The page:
Anxiety Disorders

by Charles Vega, MD

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    00:01 All right.

    00:02 Now, don't be nervous, but we’re going to be talking about anxiety disorders now.

    00:06 And let's start with a case to help illustrate this common condition that we see in primary care.

    00:12 Now, remember back when I gave the introduction of family medicine, the way we approach the patient and I mentioned that you have to respond to patient's cues.

    00:23 And they’re telling you something verbally or non-verbally, you want to make sure that you pay attention to it.

    00:28 This is one of those cues.

    00:29 So, if I come – walk in the room and I see a patient has taken off her clothes and is bent in this position, I know something is pretty wrong right away.

    00:36 This has never happened before.

    00:37 But let's see what her story is.

    00:39 She looks in distress.

    00:41 You’re seeing a 22-year-old woman, eight months history of anxiety symptoms which bother her on most days of the week and they have led to significant impairment.

    00:48 So, sounds like a case of anxiety.

    00:50 Let’s get a little bit more history.

    00:52 She worked with a therapist already and she's tried relaxation therapy, but she now presents with – and she is desiring medical treatment.

    01:00 She has never taken any chronic medications for anxiety in the past.

    01:04 So, right away, let's think about what we want to do for treatment.

    01:07 What will be the best choice for initial pharmacotherapy for this patient.

    01:11 Is it, A, a benzodiazepine; B, tricyclic antidepressant; C, an SSRI; or D, bupropion? The answer to me is C.

    01:21 SSRIs have a strong track record of efficacy in patients with generalized anxiety disorder and they are generally better tolerated than some of the other agents listed there and don't have the risk for misuse and addiction that benzodiazepines have.

    01:38 So, we’ll go over therapy, but that's after we get through our usual discussion of epidemiology, symptomatology and diagnosis first.

    01:47 So, anxiety is very, very prevalent.

    01:50 So, the lifetime prevalence of an anxiety disorder, you can see it's well higher among women versus men.

    01:56 Women have up to a 7, 7.5% risk whereas men have an average risk of 4% overall for generalized anxiety and panic disorder.

    02:07 So, what are the risk factors for anxiety disorders? As I just mentioned, female sex is one.

    02:13 It is hereditary.

    02:13 Family history is important.

    02:16 Comorbid mental health disorders.

    02:17 And so, this could be – the most common one being depression, but also bipolar disorder, post-traumatic stress disorder can also be associated with significant anxiety and anxiety disorders.

    02:30 And then, other physical diagnoses.

    02:32 Pain is one that's frequently related to anxiety disorders.

    02:36 Gastrointestinal disorders, particularly irritable bowel syndrome is one I think is commonly reflected in anxiety disorders as well.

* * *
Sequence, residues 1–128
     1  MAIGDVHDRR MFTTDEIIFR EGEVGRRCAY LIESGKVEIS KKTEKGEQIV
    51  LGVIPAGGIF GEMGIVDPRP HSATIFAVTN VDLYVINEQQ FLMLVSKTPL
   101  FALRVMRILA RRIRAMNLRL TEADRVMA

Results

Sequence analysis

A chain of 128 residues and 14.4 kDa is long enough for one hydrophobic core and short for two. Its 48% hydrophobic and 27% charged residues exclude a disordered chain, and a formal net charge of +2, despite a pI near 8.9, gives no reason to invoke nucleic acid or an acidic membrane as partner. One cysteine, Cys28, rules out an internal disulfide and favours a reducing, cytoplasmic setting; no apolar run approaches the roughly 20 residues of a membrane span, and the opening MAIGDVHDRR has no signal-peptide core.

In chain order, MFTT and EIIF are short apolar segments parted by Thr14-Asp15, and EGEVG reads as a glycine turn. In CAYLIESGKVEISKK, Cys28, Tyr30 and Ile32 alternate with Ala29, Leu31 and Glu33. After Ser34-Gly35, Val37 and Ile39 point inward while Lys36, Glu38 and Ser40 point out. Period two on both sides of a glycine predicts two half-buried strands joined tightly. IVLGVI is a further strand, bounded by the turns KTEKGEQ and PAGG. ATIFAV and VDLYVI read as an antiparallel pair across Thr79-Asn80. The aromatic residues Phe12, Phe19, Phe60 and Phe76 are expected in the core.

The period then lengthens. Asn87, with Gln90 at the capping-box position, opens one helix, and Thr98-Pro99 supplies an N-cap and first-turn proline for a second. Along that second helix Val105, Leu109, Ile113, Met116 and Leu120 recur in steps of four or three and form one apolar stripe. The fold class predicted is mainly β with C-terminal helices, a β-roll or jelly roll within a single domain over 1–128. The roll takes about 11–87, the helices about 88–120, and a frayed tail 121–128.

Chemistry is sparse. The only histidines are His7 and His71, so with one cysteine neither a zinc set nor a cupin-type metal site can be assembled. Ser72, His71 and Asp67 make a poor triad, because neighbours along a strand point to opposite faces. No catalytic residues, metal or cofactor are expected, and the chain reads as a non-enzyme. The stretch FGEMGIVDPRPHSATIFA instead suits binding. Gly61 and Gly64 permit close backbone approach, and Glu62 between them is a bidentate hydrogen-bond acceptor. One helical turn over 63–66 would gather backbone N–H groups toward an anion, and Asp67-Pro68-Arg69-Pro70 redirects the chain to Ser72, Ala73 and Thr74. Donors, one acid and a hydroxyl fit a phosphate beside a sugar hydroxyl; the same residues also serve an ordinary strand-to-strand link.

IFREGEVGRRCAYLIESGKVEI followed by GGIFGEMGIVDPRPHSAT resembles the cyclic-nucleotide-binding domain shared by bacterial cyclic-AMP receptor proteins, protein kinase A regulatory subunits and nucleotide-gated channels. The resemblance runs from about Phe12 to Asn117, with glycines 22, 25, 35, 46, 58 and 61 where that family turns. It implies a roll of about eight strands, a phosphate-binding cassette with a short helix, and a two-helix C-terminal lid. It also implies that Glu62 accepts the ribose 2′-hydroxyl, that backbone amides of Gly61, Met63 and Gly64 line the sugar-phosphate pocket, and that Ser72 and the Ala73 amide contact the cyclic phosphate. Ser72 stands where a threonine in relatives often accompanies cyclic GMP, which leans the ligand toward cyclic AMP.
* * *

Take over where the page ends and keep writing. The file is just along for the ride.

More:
02:46 And then a history of abuse.

    02:47 So, that could be physical abuse or sexual abuse associated with a higher risk of anxiety as well.

    02:54 What about the diagnostic criteria for generalized anxiety disorder.

    02:58 First of all, the symptoms should be present for at least six months.

    03:01 This is a chronic disorder.

    03:03 They include anxiety and then they have to have at least three of the following symptoms – restlessness, fatigability, difficulty concentrating, irritability, muscle tension or sleep disturbance.

    03:16 So, anxiety present for at least six months with three of those other symptoms, which shows when you’re talking about fatigability, difficulty concentrating, sleep disturbance, all those are related to function too and they really can have a significant impact on one's life.

    03:32 Panic disorder, I actually think the criteria here are a little bit more lenient.

    03:37 So, the definition of panic is a severe anxiety that peaks within minutes.

    03:42 So, it really feels – we call them panic attacks because it feels like an attack.

    03:47 It comes on.

    03:48 Sometimes it's cued by certain things, maybe being in an enclosed space or some other memory that's triggered that produces panic.

    03:56 A lot of times, it arises out of nowhere.

    03:59 And then it goes away spontaneously within minutes as well.

    04:05 Now, it has to be associated with at least four other symptoms.

    04:08 And I’m just going to highlight a few of them because these describe some of the symptoms that are common in panic disorder.

    04:13 Palpitations being one.

    04:14 Feeling lightheaded.

    04:16 Getting chest pain.

    04:18 Feeling nauseous.

    04:19 Sweating.

    04:20 Getting tremulous, shaky.

    04:22 But there are seven more.

    04:23 That shows you how panic disorder can be very serious and promotes this grand total of symptoms.

    04:31 So, many patients will have all of these symptoms in single episodes of panic.

    04:36 And so, it's the panic episode itself and then worrying about the panic and what’s called agoraphobia, avoiding situations which cause the panic.

    04:47 It’s literally – agoraphobia means fear of the marketplace.

    04:51 That's what takes such a toll in panic disorder.

    04:55 So, one thing with anxiety disorders, pay very close attention to psychosocial stressors.

    05:00 How is the job going? Relationships, romantic and also within family or close friends, those you care about.

    05:10 How is the financial situation? What else could be promoting anxiety? A lot of times, there is a trigger.